The Research Paper: A Guide to Library and Internet Research/Evaluating Online Resources - English 2003 Package / Edition 3 available in Other Format
- Pub. Date:
- Pearson Education
|Edition description:||2 Book Package|
|Product dimensions:||6.02(w) x 9.02(h) x 0.75(d)|
Table of Contents1. The Research Paper in the Information Age.
2. Getting Started: Discovering Your Topic and Starting to Research.
3. From Research Questions to Research Plans.
4. Finding Sources.
5. Evaluating Sources.
6. Organizing Sources and Notes: Preparing to Write.
7. Turning Your Research into the Written Report.
8. Documenting Sources.
Appendix A: Writing for the Web.
Appendix B: Creating a PowerPoint Presentation.
Appendix C: Sample Research Paper—American Psychological Association Style.
Appendix D: Sample Research Paper—Modern Language Association Style.
Appendix E: Sample Research Paper—Council of Science Educator's Style.
We recommend a process that begins with understanding the assignment clearly, so that you start off in the right direction. We'll suggest ways to decide upon a topic that both meets the requirements of the assignment and, at the same time, interests you so that you feel motivated to make it the best report you can. Then, we'll help you determine how you want to pursue your research, whether using the library print sources or online sources, the World Wide Web, information from the field that you gather yourself, or, what is more likely, a combination of these.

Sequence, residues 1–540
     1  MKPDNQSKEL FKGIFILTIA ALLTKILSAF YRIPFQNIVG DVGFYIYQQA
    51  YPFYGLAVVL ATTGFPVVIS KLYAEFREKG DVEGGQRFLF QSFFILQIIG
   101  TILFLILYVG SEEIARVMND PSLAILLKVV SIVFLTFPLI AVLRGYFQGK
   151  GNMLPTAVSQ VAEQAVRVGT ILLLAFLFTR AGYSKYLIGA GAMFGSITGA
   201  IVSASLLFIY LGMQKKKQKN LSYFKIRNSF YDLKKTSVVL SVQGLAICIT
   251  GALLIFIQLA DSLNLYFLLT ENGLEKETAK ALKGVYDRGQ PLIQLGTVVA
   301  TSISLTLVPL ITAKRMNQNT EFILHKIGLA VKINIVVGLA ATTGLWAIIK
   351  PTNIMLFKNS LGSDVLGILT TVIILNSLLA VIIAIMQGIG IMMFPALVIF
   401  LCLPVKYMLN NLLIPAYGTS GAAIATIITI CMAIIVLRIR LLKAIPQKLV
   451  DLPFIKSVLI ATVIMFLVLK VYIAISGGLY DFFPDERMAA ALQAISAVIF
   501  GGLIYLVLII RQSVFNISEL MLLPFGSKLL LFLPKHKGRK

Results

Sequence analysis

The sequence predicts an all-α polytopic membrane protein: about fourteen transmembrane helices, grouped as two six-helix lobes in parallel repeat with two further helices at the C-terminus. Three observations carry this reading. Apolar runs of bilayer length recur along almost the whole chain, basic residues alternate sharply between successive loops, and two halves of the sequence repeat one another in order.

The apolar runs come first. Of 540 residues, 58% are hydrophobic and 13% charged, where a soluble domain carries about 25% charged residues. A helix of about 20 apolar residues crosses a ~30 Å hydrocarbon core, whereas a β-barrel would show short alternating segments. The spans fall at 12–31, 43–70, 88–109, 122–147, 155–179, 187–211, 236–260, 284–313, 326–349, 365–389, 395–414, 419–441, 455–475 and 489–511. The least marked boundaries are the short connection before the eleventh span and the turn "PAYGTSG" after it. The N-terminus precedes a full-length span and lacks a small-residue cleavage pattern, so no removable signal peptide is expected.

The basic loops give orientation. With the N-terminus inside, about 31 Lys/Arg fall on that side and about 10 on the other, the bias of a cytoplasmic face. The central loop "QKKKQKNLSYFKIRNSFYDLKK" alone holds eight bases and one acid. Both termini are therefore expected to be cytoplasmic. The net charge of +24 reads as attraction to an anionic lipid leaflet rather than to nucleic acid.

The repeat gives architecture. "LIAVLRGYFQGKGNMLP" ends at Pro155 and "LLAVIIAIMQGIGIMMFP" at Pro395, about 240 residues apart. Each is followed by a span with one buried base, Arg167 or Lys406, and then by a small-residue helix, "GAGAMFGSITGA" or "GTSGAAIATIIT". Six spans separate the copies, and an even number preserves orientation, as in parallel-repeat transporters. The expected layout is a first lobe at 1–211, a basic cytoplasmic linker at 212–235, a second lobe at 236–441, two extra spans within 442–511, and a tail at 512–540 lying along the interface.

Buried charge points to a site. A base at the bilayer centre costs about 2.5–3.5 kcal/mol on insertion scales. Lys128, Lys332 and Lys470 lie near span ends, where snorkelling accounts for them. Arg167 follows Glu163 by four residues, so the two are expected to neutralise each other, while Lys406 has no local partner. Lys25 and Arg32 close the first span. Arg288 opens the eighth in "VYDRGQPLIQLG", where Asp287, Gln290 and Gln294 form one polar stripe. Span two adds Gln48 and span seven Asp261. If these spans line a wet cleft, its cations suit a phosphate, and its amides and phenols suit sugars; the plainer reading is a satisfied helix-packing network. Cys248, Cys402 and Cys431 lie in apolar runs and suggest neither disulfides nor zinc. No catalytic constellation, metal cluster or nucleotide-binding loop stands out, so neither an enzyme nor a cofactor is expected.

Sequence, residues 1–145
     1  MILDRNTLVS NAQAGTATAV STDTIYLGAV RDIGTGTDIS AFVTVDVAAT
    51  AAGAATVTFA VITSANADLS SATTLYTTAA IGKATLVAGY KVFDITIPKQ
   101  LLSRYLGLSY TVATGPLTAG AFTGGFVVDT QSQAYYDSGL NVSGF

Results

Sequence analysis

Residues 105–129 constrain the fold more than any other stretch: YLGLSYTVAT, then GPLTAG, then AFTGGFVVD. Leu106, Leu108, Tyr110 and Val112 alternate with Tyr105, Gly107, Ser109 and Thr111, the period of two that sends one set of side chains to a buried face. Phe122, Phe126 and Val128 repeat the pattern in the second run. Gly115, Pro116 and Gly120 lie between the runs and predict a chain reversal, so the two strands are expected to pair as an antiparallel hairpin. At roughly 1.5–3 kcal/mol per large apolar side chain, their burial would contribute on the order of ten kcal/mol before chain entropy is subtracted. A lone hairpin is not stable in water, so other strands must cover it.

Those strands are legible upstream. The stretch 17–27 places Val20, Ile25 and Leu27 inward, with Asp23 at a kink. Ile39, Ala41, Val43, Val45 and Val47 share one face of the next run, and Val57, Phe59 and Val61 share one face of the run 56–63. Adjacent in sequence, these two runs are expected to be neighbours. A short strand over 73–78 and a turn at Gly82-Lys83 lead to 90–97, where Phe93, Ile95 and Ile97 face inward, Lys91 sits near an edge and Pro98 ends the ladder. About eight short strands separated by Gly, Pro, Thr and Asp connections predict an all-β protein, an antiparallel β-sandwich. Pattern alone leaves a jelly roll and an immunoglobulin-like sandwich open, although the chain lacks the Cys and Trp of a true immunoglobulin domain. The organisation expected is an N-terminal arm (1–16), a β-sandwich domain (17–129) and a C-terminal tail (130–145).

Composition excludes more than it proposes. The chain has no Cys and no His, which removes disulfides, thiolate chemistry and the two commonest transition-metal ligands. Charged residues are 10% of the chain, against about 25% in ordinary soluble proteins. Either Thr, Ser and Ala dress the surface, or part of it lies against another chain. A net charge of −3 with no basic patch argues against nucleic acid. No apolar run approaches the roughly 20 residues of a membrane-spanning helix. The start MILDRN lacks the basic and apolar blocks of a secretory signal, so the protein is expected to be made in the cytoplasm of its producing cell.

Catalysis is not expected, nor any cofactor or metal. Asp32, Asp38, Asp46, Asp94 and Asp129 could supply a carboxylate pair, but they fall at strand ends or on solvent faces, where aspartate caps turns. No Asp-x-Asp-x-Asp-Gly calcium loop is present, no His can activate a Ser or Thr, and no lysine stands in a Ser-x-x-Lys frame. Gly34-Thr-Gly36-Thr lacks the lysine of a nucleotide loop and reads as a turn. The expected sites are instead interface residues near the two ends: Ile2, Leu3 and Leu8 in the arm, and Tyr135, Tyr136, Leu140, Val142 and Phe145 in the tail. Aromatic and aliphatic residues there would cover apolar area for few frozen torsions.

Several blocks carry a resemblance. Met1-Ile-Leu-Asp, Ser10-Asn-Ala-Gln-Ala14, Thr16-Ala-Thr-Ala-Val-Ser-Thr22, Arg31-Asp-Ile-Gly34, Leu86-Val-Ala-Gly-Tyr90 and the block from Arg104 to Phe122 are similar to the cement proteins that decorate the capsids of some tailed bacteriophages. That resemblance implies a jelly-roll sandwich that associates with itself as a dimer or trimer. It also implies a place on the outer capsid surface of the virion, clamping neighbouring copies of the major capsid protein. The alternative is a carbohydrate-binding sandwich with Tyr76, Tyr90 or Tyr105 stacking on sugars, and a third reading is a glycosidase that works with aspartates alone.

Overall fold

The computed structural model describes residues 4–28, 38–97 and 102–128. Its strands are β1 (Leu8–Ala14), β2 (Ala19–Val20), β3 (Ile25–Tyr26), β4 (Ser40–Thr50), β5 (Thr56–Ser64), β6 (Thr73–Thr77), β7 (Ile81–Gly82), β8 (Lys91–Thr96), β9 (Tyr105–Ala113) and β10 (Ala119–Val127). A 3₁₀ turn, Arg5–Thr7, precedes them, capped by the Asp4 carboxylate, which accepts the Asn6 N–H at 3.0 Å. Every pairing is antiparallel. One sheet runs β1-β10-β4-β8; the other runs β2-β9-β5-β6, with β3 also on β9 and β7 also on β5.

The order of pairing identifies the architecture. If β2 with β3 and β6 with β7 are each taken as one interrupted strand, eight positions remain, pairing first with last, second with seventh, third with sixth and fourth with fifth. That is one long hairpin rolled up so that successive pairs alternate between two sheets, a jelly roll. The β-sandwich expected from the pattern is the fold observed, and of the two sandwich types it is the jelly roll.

You'll discover many sources of information, ranging from information that strengthens your ideas to information that is not at all reliable and possibly inaccurate. We'll give you guidelines on how you can decide what is worth using and what is not. We'll suggest ways you can organize your research, from the moment you first start thinking about it until you turn in your final draft.
Toward the end of this book, we offer suggestions on how to integrate what you have discovered into your writing so that it sounds like you and not a collection of other people's ideas. We show you how you can be intellectually honest, citing ideas that others have written, while making sure that your own ideas stand out. In addition to being intellectually honest, like other good researchers, you need to document your sources so thatothers who may want to read them can find them. Our intent has been to put it all together for you, guiding you through the complete process from drafting to revising to editing.
You'll find three different types of activities in this book. "Try It Now" activities have been designed to suggest immediate applications of what you are learning as you read and how to conduct research in the world of rapid technological changes. "Web Activities" lead you to the companion website where you will encounter both additional sources of help and exercises to test your understanding. Finally, at the end of each chapter you will find "Suggested Activities." We have designed these so that, by completing them, you move step-by-step to your final draft of your research paper or report.
The research skills you learn today will help you throughout your academic program and well into your careers, whatever they may be. We wish you many new discoveries along the way.
University of Texas at Brownsville and Texas Southmost College
Raymond J. Rodrigues